My one week in Paris trip was definitely an adventure! I was hoping for a nice, relaxing week of bread-eating and gallery-hopping, but instead it was 7 days of strikes, floods and colds. But still, I had an amazing time in the City of Lights and I can’t wait to visit again (preferably when there aren’t any record-breaking natural disasters). 

Before I get into how I managed to see all the big sights and what I learned along the way, I want to be upfront about how much this trip to Paris cost. It wasn’t cheap, and not just because Paris is one of the most expensive cities you can visit. The Canadian dollar has been really low for the past few years so the exchange rate hit hard.

How Much One Week in Paris Cost

Cost Total Each
Round-trip flight $1,637.44 $818.72
Accommodations for 6 nights $1,012.00 $506.00
Food and entertainment $978.12 $489.06
Total $3,627.56 $1,813.78

Useful Paris money-saving tips! (One week in Paris on a budget.)Ok, now onto some useful Paris money-saving tips that I hope will help you if you decide to practice your French in belle Paris!

You Don’t Need to Tip

That’s right, it’s not required or even expected of you to tip at the end of a meal, which really helped my husband and I save when eating out.

Be Strategic When Dining

That being said, you will pay more if you choose to eat-in instead of grab something and go. Cafés also have a 3-tiered pricing system, meaning you’ll pay different prices depending on if you sit at the bar, sit at a table inside or sit at a table outside with a view.

A good rule of thumb is to grab something from a boulangerie (bakery that specializes in bread) or patisserie (bakery that specializes in pastries) for breakfast, then choose to dine at a café or restaurant for lunch or dinner. It’s cheaper to dine at lunch, so if you really want to save money, maybe grab some groceries to make dinner yourself where you’re staying (we had a little kitchenette which came in handy).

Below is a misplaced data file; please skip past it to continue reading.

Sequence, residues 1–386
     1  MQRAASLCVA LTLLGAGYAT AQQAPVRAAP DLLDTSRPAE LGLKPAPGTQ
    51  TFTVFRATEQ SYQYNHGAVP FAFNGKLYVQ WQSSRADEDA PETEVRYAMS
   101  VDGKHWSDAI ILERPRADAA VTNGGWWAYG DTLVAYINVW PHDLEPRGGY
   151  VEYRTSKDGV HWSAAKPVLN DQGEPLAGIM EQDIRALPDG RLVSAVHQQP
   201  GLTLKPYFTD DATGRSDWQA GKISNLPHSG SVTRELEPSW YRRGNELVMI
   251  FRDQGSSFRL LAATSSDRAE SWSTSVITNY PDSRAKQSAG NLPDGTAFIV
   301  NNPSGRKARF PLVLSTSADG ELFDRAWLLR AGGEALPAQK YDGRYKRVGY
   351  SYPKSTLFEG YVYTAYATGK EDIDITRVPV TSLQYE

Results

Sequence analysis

You can also get delicious grab-and-go crêpes, sandwiches and gyros for fairly cheap at various spots around the city.

And lastly, if you really want to save money when dining, skip the booze. I found prices for wine and beer to be fairly steep, so instead I would ask for water or an espresso when dining, then grab a £5 bottle of wine from a nearby grocery store (e.g. Monoprix or Franprix) to enjoy later on.

Get the Museum Pass, It’s Worth Every Euro

There are so many amazing museums and art galleries in Paris, I wanted to make sure my husband and I were able to see as many as we could — for the right price. We ended up buying the 4-day Paris Museum Pass which cost us €62 each (CDN $89). It wasn’t cheap, but it was well worth it.

Not only did it gave us admittance to the Panthéon (€8.50), the Louvre (€15), Musée D’Orsay (€12), Centre Pompidou (€14), Musée Rodin (€12), Musée de l’Armée (€12) and the top of the Arc de Triomphe (€8), we got to skip the long, regular ticket-holder line.

As you can see from the prices next to each attraction, we saved €19.50. And we would have saved even more if we weren’t sick during the trip and were able to do the tour de Notre Dame (€8), Musée de l’Orangerie (€9), Musée Picasso Paris (€12.50) and Château Versailles (€15) like we wanted to.

Don’t Taxi, Use Paris Transit

The Paris transit system is a bit complicated, especially if you don’t speak French, but once you get the hang of it, it’s very efficient and economical. You can either buy a packet (or carnet) of 10 tickets to use for the bus or metro, or you can by a 5-day pass like my husband and I did. The best bet is to get the Paris Visit Pass for the best savings and travel flexibility.

Spend the €20 on a SIM Card

If you have an unlocked phone, I highly recommend you bring it with you and buy a SIM card in Paris so you can have internet access during your travels. It’s fairly simple to do, you just have to go to one of the cell phone stores in town (e.g. Orange or SFR) and they’ll hook you up. It was well worth the money since my husband and I were able to navigate ourselves throughout the city, check on transit schedules and look up restaurant reviews before choosing where to eat.

You Can Do These Things in Paris for Free

Last but not least, the best thing about Paris is that there are so many beautiful places to check out for absolutely free. Obviously most of them are outside, which wasn’t great for my trip since it rained every day, but I was still able to check out a few of these awesome venues:

  • Jardin du Luxembourg
  • Jardin des Tuileries
  • Parc Monceau
  • Jardin du Palais Royal
  • Parc des Buttes Chaumont
  • Pont Alexandre III
  • Cathédrale Notre-Dame (inside the church is free)
  • Shakespeare & Co. bookstore
  • Cimitière du Père Lachaise
  • Basilique du Sacré Coeur

What would you do if you have one week in Paris? What’s your best money-saving travel tip?

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